History of the Bibliotheque Richelieu-Louvois Library
Now part of the BNF, which is the Bibliotheque National de France, this library in Paris holds historical documents and has a rich history dating from the 17th century, along with holding a museum.
The beginnings of the Bibliotheque Richelieu in Paris
The impressive palace was the former residence of Cardinal Mazarin who founded the College des Quatre Nations, which is now known as the Institut de France that is located on the bank of the River Seine opposite The Louvre Museum.
When you look back at the history of the Bibliotheque Nationale de France, or BNF for short, this was originally the royal library. And when it was realised that manuscripts could not be housed within the Palais du Louvre due to lack of space, they were moved in the 1660s on orders of King Louis XIV, to this former private mansion house.
It was opened up to the public in the latter part of the 1600s, and by the end of the 17th century the collections had expanded so much that they ended up utilising the Palais Mazarin along with the Hotel Tubeuf, the Mansart Gallery and other buildings.
And formed in a quadrilateral design, the main royal library was housed here from the first part of the 18th century.
The Bibliotheque Richelieu-Louvois in the 1800s through to before WWII
The next major stage in the development of the Bibliotheque Richelieu-Louvois was from 1854 through to 1875, when the architect Henri Labrouste, who had already designed the Bibliotheque Saint-Genevieve, was entrusted with creating specific areas for the library.
One of the main projects was the reading room, which is now known as the Labrouste reading room, but he also designed the storage area for books, which was purely dedicated to printed volumes.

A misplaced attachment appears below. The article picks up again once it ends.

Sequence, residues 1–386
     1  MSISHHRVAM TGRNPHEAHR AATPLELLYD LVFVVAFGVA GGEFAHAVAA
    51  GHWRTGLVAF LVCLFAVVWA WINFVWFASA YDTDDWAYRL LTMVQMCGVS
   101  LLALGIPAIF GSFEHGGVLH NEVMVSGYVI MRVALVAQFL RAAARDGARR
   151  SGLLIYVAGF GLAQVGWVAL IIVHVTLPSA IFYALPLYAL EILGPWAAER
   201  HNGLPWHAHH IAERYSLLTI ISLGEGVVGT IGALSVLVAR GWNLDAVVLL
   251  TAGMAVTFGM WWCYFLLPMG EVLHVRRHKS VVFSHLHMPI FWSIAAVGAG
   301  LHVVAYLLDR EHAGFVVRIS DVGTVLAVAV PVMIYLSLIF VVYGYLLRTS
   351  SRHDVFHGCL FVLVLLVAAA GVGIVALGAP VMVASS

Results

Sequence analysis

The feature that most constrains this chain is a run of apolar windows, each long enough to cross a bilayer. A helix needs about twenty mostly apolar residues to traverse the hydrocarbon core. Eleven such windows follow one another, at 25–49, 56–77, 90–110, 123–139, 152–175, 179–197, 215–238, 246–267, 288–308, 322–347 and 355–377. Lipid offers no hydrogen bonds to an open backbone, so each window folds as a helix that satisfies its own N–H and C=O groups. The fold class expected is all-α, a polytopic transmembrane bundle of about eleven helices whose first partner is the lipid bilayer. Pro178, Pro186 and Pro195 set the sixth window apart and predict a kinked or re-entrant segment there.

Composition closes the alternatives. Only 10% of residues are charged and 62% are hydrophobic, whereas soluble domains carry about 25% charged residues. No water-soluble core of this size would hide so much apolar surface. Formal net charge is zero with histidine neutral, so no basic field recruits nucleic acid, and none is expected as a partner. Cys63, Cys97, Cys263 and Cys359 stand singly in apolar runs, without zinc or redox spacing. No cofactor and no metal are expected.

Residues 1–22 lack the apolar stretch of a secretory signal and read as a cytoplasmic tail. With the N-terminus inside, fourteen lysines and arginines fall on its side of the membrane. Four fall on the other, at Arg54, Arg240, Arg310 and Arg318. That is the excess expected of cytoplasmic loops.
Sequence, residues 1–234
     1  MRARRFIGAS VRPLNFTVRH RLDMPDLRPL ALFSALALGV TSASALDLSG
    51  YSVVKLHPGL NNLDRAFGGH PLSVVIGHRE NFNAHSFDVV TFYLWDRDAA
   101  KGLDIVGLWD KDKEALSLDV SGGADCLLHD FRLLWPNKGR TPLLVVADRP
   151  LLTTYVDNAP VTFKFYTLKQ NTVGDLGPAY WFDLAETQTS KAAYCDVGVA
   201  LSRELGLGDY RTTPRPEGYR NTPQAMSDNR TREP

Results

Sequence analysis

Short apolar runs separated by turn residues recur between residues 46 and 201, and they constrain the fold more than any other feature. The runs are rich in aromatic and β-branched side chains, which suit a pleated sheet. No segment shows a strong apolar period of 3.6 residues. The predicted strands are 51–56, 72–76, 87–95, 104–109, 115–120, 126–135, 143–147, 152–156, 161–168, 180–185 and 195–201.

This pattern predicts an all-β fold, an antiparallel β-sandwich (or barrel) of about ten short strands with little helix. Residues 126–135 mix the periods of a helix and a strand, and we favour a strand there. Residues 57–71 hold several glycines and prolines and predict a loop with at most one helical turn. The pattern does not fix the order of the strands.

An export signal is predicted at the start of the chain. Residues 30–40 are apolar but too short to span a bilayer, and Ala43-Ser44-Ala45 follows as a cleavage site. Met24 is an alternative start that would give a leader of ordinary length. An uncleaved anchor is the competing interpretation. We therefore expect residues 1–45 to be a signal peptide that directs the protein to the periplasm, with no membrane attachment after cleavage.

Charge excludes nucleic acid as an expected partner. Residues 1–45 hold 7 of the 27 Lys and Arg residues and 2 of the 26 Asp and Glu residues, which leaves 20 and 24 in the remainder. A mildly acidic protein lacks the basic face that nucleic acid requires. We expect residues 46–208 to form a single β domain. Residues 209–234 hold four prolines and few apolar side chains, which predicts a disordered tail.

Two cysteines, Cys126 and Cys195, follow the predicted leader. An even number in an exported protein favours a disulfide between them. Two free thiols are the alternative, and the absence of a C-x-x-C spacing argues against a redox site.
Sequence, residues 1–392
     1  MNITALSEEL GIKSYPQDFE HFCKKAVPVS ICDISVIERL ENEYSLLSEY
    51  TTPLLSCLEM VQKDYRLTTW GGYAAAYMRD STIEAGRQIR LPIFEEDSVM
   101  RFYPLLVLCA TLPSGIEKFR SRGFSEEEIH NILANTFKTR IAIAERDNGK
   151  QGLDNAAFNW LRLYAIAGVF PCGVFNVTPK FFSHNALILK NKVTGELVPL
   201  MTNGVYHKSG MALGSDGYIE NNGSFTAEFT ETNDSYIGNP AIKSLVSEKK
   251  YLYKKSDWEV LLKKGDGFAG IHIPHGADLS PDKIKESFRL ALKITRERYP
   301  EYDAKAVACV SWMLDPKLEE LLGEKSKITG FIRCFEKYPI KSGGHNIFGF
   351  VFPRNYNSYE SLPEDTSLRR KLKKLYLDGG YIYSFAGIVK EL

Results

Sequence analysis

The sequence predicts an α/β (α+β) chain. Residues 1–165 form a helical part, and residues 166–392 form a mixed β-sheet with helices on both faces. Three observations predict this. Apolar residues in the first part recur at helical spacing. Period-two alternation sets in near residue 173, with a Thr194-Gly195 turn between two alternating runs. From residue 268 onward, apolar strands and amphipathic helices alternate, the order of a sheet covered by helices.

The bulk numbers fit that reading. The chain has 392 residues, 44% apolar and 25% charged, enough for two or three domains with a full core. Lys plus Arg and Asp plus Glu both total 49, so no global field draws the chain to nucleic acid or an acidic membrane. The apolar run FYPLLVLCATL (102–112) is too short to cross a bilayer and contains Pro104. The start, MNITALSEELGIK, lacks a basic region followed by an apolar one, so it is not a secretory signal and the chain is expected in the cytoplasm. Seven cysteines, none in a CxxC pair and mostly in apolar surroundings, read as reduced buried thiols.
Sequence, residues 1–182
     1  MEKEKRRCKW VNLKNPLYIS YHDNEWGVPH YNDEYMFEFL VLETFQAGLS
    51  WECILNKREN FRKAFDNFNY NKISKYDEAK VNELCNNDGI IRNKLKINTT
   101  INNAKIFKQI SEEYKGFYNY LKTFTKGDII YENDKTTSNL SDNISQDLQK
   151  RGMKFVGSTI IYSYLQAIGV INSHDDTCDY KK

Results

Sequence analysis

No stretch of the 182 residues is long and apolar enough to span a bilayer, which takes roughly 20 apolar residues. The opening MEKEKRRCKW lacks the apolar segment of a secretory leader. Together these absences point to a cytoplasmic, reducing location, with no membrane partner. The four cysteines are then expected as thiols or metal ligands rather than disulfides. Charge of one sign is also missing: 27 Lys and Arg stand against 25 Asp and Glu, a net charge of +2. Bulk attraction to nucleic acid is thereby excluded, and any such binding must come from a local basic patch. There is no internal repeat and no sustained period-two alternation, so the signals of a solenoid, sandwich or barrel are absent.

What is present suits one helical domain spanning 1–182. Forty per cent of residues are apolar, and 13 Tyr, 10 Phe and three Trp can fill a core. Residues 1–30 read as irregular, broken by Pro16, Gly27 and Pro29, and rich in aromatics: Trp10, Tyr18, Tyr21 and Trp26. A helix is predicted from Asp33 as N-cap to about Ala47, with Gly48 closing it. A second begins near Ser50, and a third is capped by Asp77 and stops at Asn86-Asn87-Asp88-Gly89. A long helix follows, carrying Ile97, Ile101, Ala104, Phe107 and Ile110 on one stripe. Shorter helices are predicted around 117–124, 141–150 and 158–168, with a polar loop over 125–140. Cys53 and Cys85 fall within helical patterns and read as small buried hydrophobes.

Then from 1875 work continued to enhance and improve the Richelieu library that continued right up until 1932 with the architects Jean-Louis Pascal and Alfred Recoura working on projects including the famous Oval room.
Further adjustments were also made including filling in courtyards, etc, just purely because of the amount the collections were growing, and overseen by Michel Roux-Spitz, these continued up to and after World War II.
After WWII to the present at the Bibliotheque Richelieu-Louvois
It was eventually in 1958 that a reading room containing the Manuscripts Department was created, and then several other areas were organised and transformed allowing for more storage, yet by the 1970s the collections of the Bibliotheque Richelieu-Louvois were so immense that the library was becoming far too small to accommodate the collection.
By the 1980s the Bibliotheque Nationale de France, known as BNF for short, was founded and a new project was announced by the French President, Francois Mitterrand in order to construct a new library that would be one of the most modern, up to date and largest in the world.
So this meant, that once the new library called the Bibliotheque Francois-Mitterrand was completed, the collections at the Richelieu-Louvois library were reorganised and split up into different areas within the two libraries, and this phase of reorganisation was completed in 1997, with the quadrilateral being completely reorganised.
However, started in 2010, further alterations have been taking place on the quadrilateral area of the Bibliotheque Richelieu-Louvois and also many renovations including renovating the Labrouste reading room.
There are also ongoing renovations and improvements being made right up until at least 2020 so that the collections and the museum are more easily accessible to the public and researchers, which means that part of this historical building and library are not currently open.